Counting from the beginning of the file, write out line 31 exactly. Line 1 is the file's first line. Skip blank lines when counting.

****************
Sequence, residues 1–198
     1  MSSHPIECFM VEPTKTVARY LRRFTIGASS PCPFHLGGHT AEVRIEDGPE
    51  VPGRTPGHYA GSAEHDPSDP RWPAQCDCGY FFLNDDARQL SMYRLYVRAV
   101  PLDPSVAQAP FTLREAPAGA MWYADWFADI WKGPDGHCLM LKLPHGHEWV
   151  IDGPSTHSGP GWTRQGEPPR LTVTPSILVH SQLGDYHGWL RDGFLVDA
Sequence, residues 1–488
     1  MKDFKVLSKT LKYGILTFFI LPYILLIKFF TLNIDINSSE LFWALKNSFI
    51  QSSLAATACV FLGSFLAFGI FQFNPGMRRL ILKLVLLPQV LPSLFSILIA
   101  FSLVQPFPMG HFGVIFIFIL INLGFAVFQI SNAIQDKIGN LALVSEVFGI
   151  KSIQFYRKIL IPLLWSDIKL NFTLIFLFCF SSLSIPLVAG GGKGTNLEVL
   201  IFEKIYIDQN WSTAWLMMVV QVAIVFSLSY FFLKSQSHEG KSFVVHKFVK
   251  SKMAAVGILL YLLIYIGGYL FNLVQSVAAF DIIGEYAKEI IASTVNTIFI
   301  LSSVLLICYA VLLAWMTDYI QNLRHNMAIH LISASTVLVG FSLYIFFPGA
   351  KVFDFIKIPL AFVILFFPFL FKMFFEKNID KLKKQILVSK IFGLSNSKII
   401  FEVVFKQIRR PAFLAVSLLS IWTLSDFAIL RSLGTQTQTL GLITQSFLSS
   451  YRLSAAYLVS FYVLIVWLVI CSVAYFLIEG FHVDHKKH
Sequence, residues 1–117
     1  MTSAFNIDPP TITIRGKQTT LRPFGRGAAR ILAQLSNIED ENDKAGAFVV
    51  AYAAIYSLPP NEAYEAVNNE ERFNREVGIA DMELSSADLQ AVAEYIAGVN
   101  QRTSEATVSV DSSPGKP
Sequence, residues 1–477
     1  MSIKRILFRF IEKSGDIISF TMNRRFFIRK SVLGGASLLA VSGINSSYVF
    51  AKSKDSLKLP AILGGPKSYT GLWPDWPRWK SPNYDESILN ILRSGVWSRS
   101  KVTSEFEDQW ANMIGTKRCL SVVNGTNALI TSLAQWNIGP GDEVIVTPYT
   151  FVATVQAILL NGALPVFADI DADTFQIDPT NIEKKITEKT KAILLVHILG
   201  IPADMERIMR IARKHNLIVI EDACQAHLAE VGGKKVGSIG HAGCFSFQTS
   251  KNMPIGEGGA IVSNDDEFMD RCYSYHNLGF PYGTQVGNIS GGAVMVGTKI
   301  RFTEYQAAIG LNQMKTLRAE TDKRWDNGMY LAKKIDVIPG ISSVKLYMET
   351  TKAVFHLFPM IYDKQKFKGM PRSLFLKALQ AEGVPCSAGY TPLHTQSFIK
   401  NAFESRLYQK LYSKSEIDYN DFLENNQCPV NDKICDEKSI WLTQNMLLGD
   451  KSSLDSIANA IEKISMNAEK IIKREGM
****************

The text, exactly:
   451  KSSLDSIANA IEKISMNAEK IIKREGM